Due process questions concern what type of procedures are appropriate when the government takes away property or a privilege from an individual; the individual would argue that the government should have, for example, given them a hearing before taking away their driver's license or cutting off their Social Security benefits.
Reasoning by Analogy To reason by analogy you draw parallels between your hypothetical cases and cases that have already been decided. Since the facts and circumstances often determine the legal issue, you can often simply look to see whether the facts of this case match the facts of previous cases.
If the key facts are similar enough, then you can draw an analogy that the decision rendered in the previous case should be used in the current case as well. Likewise, if the material facts are different on key elements of a rule, then you try to distinguish the present case by arguing that it is too different from precedent in order to apply the rule.
In reasoning by analogy, it is not necessary that facts match up exactly.
If you do find a case that matches up exactly, then the argument is "on point" legalese for a slam-dunk. More likely, you will find that key facts are somewhat different.
Thus, while you can reason by analogy to bolster an argument, you will often have to use an additional means of persuasion in order to apply a rule.
As you read cases, note what facts prove an element of a rule. Key cases will frequently cite other precedents to show examples of where to draw the line. By building up a list of these examples, you have a database to show you where the line should be drawn.
In Torts, an issue arises over the standard of care that a defendant owed a plaintiff in a negligence case. The rule on the standard of care can be stated as follows: The standard of care must be that of a reasonable and prudent person under the same or similar circumstances.
Although we have a clear statement of the rule, it's impossible to know what behavior is reasonable and prudent without knowing some examples.
Thus we build a database of examples from the case law to show where the courts have found behavior to be or not to be reasonable and prudent.
Here are two cases that illustrate the standard. Breach of Standard of Care: Operator of heavy machinery has sister ride on side of tractor. Brother's experience and knowledge of machinery should have led him to conclude that it wasn't safe.
No Standard of Care: In a drive-through bank, a car suddenly starts to back up and defendant throws car into reverse and backs up without looking. He runs into another vehicle and causes damage. Even though defendant didn't look, held to be reasonable behavior because it was an emergency.
The other car would have hit him.
By building the list of examples, we begin to see what is taken into account to determine the standard of care. Prudent behavior may depend on experience and knowledge.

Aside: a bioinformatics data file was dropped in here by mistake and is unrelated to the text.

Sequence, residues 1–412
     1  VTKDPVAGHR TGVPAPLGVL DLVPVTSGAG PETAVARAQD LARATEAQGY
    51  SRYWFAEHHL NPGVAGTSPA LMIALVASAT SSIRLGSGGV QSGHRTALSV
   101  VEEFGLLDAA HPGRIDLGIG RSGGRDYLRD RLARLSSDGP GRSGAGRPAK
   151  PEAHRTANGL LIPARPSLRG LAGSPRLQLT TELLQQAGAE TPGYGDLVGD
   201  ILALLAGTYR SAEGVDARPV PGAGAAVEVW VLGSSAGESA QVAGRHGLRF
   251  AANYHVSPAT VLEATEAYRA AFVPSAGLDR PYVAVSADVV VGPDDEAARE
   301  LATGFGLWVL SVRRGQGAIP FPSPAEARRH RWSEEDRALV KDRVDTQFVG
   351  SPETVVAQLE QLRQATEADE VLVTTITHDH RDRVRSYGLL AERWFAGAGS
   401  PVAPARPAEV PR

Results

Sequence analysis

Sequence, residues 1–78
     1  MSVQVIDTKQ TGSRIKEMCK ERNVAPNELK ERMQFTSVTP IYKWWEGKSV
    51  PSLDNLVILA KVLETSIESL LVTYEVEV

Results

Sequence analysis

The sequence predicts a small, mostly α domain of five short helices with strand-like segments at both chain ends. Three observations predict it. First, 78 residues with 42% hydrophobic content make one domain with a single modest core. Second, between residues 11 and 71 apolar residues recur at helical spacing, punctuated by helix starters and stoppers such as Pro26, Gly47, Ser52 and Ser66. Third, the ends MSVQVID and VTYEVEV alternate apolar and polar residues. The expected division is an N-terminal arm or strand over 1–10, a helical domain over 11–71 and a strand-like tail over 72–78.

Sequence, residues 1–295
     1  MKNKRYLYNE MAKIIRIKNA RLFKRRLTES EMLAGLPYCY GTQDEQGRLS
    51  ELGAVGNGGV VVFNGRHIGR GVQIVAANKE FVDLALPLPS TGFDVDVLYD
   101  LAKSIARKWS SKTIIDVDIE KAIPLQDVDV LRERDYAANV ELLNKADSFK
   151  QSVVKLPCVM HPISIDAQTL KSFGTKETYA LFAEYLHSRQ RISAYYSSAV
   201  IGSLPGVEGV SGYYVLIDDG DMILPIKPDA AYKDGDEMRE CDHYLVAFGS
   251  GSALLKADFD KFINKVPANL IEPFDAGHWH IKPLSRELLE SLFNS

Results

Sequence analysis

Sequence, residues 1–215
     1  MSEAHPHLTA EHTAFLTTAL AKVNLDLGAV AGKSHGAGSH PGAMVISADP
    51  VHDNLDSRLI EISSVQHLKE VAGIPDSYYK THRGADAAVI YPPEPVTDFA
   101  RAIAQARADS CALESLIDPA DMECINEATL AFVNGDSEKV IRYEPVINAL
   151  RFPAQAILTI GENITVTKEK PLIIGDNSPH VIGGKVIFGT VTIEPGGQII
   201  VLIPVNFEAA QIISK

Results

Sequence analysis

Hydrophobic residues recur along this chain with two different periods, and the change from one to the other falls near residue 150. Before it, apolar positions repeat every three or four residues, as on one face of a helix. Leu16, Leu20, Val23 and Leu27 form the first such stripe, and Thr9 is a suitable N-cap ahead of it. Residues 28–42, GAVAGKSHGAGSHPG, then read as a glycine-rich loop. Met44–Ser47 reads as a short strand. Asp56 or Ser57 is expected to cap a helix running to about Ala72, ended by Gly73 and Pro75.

The circumstances of an emergency may change the standard temporarily. You can see that these simple examples serve as easy guides.
When choosing examples, try to include cases that illustrate holdings on either side of an issue. You want to see the full spectrum of situations when the rule applies and when it doesn't apply. With these examples in place, you can draw an analogy to the facts and circumstances of your hypothetical.
If there was an emergency situation in your example, you would argue that the hypothetical was analogous or not if that's your position to Wilson v. Balancing of Factors Test In the balancing test, the court literally balances the different interests to achieve a just result.
To do a balancing test, the court identifies factors to weigh in making its decision.
The factors differ according to the issue. Factors might include age, education, experience, wealth, health and intent to do harm.Practical Law UK Articles (Approx. 6 pages) Ask a question Before asking what proof on the balance of probabilities means in practice, it is helpful to know what it means in theory.
In a family case (Re B  At trial, of course, the test to be applied is the balance of probabilities. So the true question for the court to. Davenport_proof_ 2/19/ PM 80 DUKE JOURNAL OF GENDER LAW & POLICY Volume because the courts balance the fetus’s rights against the woman’s rights.
Courts, however, should not conduct a balancing test, especially with procedures like. UK decision makers can benefit from experience in overseas jurisdictions which have a similar public interest test in their FOI laws. This paper examines the operation of the public interest test in Australia, Canada, New Zealand and Ireland.
A balancing test is any judicial test in which the jurists weigh the importance of multiple factors in a legal case. Proponents of such tests argue that they allow a deeper consideration of complex issues than a bright line rule can allow.
But critics say that such tests can be used to justify any conclusion, upon which the judge might arbitrarily decide. Balancing of Competing Interests in Other State and Federal Courts.
Although the U.S. Supreme Court generates close scrutiny of its decisions when it applies a balancing test to resolve high-profile or controversial issues before it, it is not the only court that resolves issues by balancing competing interests at stake in a legal dispute.
By John R. Lott Jr., Published on 01/01/ Recommended Citation. John R. Lott Jr., What a Balancing Test Will Show for Right-to-Carry Laws, 71 M d.L.